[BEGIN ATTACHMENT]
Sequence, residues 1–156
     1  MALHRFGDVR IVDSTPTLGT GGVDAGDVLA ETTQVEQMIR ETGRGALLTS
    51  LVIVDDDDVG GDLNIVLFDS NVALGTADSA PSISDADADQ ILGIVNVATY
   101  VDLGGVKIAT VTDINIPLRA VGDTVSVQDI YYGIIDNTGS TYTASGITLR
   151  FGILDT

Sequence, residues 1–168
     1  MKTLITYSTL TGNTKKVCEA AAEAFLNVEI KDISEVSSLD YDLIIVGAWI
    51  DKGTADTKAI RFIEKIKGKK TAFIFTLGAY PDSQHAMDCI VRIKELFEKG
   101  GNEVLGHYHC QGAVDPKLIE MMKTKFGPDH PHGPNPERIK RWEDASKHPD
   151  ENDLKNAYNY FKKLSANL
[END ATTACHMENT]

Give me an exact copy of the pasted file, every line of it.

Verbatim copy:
Sequence, residues 1–156
     1  MALHRFGDVR IVDSTPTLGT GGVDAGDVLA ETTQVEQMIR ETGRGALLTS
    51  LVIVDDDDVG GDLNIVLFDS NVALGTADSA PSISDADADQ ILGIVNVATY
   101  VDLGGVKIAT VTDINIPLRA VGDTVSVQDI YYGIIDNTGS TYTASGITLR
   151  FGILDT

Sequence, residues 1–168
     1  MKTLITYSTL TGNTKKVCEA AAEAFLNVEI KDISEVSSLD YDLIIVGAWI
    51  DKGTADTKAI RFIEKIKGKK TAFIFTLGAY PDSQHAMDCI VRIKELFEKG
   101  GNEVLGHYHC QGAVDPKLIE MMKTKFGPDH PHGPNPERIK RWEDASKHPD
   151  ENDLKNAYNY FKKLSANL